So, for whatever reason, you got your tooth pulled out. It could be an infected tooth that is far from getting treated, a wisdom tooth that had to be pulled out as it was causing issues to the adjacent teeth, or one of the many other reasons. Does the issue end there once your tooth is pulled out? We call it “extraction” when your tooth is pulled out, so you’ll see that word a lot of times in the guide given below where we teach what to do after a tooth is pulled out.
Extracting a tooth doesn’t end the problem there, but can lead to several other problems if proper care and precautions are not taken after the tooth extraction. The socket is filled with blood which starts clotting in some time, and the patient has to take care that the clot doesn’t disintegrate or get dislodged. Following are the basic instructions that a Dentist should give to the patient after extracting the tooth, and not following these can lead to a few complications.
Anesthesia and its effect:
The anesthetic given to the patient will have its effect on the tooth for at least 30 minutes to 4 hours after it has been administered, so the patient should be informed that until that time, they should not chew anything hard and should avoid hot liquids. This will prevent the accidental burning or biting of the tissues like tongue, lips, and cheek tissues.
Gauze Pack or Cotton:
After the tooth is extracted, a cotton or gauze pack is placed in the socket. The patient should maintain firm biting pressure on it for at least 45 minutes after the tooth extraction for proper blood clot formation. Do not spit for at least 2 hours after the extraction, as spitting may dislodge the clot from the socket and prevent the healing.
It is usual for the extraction site to bleed slightly or ooze out of blood for the next 12 hours, so the patient should not panic. If at all it doesn’t get lesser after a day, visit the Dentist to get it checked for the complication.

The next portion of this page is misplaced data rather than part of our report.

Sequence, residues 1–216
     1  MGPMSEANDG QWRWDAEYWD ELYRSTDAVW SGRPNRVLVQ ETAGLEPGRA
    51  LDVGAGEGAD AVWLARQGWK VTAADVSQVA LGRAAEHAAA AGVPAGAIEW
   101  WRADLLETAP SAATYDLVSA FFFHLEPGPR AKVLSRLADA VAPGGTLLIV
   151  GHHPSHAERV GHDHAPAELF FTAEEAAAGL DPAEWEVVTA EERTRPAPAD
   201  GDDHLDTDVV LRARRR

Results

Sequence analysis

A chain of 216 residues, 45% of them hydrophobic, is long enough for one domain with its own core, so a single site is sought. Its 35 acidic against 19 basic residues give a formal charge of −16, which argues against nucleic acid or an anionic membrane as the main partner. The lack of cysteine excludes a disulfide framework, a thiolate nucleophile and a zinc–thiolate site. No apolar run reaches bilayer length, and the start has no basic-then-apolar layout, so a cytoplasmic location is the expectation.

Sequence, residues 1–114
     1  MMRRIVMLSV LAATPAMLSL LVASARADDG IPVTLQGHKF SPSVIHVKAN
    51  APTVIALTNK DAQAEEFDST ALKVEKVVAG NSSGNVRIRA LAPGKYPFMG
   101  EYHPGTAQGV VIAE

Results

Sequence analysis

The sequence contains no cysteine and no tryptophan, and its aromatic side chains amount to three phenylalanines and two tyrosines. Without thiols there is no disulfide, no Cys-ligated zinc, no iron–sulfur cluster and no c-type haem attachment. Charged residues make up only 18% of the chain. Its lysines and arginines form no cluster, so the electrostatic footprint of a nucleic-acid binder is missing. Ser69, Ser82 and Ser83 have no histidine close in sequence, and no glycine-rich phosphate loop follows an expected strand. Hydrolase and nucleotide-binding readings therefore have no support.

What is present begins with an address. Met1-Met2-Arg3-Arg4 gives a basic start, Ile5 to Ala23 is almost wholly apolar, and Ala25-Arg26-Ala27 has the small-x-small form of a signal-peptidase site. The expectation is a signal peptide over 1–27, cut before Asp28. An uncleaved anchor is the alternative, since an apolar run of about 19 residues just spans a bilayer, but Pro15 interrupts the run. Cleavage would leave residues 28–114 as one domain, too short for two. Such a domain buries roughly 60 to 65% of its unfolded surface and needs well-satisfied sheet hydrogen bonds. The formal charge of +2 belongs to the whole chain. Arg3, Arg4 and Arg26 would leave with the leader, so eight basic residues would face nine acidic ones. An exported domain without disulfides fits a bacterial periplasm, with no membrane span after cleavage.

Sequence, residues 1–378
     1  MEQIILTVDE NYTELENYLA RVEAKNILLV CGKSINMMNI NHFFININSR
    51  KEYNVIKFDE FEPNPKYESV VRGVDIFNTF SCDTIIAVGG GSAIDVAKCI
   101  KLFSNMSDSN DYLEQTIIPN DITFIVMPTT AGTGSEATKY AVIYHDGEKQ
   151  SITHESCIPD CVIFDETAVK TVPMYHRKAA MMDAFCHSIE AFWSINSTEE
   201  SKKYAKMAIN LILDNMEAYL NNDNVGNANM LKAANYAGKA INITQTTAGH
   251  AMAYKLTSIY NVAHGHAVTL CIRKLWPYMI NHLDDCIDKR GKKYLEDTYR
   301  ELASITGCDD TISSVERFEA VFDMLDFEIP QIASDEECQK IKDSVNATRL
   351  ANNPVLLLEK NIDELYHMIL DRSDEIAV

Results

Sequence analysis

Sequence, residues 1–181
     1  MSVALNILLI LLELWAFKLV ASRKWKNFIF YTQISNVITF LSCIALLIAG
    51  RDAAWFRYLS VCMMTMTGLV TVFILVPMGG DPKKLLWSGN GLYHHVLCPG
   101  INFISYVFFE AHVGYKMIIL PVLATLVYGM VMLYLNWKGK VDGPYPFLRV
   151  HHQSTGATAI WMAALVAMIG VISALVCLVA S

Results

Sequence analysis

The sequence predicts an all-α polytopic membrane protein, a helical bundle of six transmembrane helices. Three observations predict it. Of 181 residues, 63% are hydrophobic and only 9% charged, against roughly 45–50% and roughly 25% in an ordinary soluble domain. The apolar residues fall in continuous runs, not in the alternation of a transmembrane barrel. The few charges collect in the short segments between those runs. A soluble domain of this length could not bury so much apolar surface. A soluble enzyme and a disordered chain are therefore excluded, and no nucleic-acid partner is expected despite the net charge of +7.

If the tooth is surgically removed, involving the muscles and bony area, then Ice Pack should be applied for the first 2-8 hours after the surgery. This will reduce all the discomfort and swelling that is caused due to the Inflammatory reaction produced due to surgery.
For the first 24 hours after the extraction, a soft and cold diet has to be maintained, and the patient should not have anything hot or hard that may damage the clot and the extraction socket. It is advisable to have plenty of liquids for the first 2 days after the tooth extraction, but it has to be taken directly without using a Straw, as sucking the fluids with a straw can dislodge the blood clot from the socket.
Proper Oral hygiene should be maintained and the usual cleaning of the mouth should be done a few hours after the extraction. However, keep in mind that brushing the extraction site should not be done.
It is necessary for every patient to get the socket and healing checked by the Dentist, 72 hours after the extraction.
- DO NOT smoke for the first 48 hours after the tooth is extracted, or it may lead to a Dry Socket and other possible complications.
- DO NOT rinse or swish your mouth for the first 24 hours after the tooth is extracted or after any surgical procedure.
Possible Complications after Tooth Extraction
The most common complications that are seen after the tooth is extracted, include Fever, Swelling, Persistent Bleeding, and Dry Socket.
If the temperature doesn’t subside within 24 hours after the tooth extraction, that should be reported to the Dentist. Dry Socket is a severe complication that occurs when the Blood clot is disintegrated, and it can lead to severe pain and a foul smell in the area of extraction, and it has to be properly checked by the patient for any symptoms. If there are any symptoms of the Dry Socket, the patient should consult the Dentist.
These are the post-extraction instructions to be followed by the Dentist.